Man leaning against wall with adhesive notes in office

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People who identify as of color, queer, or trans are typically picking up double duty: their job that they get paid for and teaching others in the office how to be respectful of their identities.

According to an article by CNN, these are the people who are tasked with recruiting diverse candidates, have difficult conversations about company culture, and talk about racism, sexism, ableism, and more.

“Especially if you’re a woman of color and visibly queer, you will be burdened or assigned or expected to take on that diversity work,” said Veronica Caridad Cruz Rabelo, assistant professor of management at San Francisco State University.

Jennifer Gómez, an associate professor at Wayne State University, commented that many people don’t realize how taxing this can be for marginalized folks, especially when many white people don’t see themselves as the problem. Meeting with employees of color to check in on their emotional health or checking white, straight, or cisgender on their discrimination doesn’t qualify anyone for a promotion, but yet, many say they’re still expected to do so.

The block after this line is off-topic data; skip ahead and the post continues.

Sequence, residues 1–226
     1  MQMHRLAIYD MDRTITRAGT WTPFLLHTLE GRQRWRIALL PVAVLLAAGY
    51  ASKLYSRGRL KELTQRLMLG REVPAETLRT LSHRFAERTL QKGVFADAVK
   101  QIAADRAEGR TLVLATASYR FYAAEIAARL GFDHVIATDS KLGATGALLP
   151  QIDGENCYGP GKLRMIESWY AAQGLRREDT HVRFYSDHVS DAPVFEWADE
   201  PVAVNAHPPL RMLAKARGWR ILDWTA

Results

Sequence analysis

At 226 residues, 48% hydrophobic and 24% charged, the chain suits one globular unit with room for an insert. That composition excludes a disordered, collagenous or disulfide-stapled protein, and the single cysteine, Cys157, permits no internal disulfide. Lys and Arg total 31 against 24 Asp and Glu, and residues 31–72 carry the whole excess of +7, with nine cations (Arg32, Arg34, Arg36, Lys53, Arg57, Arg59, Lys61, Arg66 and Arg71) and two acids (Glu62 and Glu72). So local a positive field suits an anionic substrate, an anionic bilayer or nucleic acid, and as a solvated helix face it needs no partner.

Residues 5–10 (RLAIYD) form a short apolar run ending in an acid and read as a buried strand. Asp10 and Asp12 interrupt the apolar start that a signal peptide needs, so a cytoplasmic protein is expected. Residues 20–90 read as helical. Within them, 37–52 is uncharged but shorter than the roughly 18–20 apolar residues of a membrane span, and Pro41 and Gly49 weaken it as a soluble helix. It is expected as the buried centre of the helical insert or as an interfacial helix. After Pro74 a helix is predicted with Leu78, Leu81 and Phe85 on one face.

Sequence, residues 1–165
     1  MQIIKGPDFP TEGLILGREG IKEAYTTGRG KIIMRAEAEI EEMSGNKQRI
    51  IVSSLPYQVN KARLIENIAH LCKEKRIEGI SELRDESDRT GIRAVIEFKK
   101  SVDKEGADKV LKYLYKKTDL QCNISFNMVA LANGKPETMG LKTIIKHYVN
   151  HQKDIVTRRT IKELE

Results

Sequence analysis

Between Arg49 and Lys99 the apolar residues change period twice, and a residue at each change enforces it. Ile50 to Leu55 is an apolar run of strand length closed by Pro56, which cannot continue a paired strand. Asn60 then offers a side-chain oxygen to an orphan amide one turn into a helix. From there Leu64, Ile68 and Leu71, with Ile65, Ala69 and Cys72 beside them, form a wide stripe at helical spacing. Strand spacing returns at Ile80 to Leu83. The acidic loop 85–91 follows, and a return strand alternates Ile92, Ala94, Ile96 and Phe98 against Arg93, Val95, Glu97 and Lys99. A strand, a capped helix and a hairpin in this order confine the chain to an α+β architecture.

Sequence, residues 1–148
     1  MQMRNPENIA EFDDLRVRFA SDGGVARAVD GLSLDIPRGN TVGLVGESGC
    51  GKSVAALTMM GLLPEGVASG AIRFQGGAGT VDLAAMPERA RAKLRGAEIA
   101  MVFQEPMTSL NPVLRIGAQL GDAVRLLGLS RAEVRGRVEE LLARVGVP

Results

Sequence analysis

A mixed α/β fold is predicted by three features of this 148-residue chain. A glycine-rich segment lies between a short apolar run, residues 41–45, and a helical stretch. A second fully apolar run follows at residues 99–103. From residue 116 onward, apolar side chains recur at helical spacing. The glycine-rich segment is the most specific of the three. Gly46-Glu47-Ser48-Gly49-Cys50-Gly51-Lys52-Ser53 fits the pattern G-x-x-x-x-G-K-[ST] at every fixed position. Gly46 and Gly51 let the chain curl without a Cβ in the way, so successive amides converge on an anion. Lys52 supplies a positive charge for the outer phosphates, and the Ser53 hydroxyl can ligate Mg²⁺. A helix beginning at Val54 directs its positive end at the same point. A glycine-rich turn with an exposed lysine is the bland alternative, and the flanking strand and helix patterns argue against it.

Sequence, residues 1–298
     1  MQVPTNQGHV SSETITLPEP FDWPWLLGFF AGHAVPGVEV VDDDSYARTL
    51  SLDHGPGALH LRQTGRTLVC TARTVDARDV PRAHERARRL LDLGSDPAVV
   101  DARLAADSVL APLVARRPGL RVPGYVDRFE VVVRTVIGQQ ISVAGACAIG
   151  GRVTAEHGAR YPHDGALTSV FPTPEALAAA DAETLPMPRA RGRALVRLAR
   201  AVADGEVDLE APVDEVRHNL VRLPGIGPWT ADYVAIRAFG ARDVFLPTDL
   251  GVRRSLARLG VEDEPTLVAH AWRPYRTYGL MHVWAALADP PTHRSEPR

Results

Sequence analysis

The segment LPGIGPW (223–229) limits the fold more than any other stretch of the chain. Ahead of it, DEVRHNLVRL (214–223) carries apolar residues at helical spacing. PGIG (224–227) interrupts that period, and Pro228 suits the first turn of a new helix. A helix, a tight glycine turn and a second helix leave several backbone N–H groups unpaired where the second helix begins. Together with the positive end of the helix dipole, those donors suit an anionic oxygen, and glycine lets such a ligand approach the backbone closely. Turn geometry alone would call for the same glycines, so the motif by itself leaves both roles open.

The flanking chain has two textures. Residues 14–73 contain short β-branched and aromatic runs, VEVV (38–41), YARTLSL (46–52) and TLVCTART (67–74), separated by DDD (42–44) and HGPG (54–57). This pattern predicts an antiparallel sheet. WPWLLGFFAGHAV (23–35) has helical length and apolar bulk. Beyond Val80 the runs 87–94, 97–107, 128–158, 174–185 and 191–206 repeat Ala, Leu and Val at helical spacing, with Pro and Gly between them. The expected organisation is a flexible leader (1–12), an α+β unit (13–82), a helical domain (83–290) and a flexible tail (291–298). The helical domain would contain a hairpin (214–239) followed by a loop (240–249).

“I’m not going to be promoted for doing this emotional labor,” Gomez said. “There just isn’t enough time in the day or enough time in my brain to do all these things. I get tired.”

While folks who belong to these majority groups think they’re doing the right thing by asking people of color to educate them, they don’t realize they’re continuing this marginalization. Rebecca Erickson, a sociology professor at the University of Akron recommends that supervisors need to learn and listen without relying on people of color to educate them on racism in the workplace. Managers should be bringing in people from human resources or outside firms to hold training and discussions on these matters. This way, other marginalized employees aren’t distracted from their work and everyone gets a chance to learn.

You can read the rest of the report here.